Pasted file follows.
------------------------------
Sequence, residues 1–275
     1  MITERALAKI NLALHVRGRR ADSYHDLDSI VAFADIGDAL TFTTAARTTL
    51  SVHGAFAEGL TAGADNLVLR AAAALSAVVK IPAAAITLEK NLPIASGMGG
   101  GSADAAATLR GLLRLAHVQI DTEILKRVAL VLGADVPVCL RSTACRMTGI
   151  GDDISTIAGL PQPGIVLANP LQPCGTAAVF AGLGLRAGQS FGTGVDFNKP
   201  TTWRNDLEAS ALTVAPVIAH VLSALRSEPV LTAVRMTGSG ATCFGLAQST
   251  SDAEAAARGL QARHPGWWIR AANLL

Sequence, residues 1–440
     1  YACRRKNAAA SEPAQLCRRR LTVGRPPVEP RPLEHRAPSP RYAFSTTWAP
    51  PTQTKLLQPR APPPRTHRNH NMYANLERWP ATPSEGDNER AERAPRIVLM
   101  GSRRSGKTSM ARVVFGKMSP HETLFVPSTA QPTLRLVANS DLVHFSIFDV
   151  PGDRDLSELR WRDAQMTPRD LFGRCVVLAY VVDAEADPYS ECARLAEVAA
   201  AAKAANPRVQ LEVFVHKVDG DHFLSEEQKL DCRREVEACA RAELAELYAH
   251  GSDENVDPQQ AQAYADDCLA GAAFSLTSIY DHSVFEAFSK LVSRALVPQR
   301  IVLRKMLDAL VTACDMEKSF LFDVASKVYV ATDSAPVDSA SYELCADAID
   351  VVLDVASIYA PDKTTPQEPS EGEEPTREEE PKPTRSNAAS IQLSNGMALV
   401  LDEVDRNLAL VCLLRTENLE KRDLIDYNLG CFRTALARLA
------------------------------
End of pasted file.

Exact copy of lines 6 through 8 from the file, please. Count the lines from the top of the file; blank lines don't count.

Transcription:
   201  TTWRNDLEAS ALTVAPVIAH VLSALRSEPV LTAVRMTGSG ATCFGLAQST
   251  SDAEAAARGL QARHPGWWIR AANLL

Sequence, residues 1–440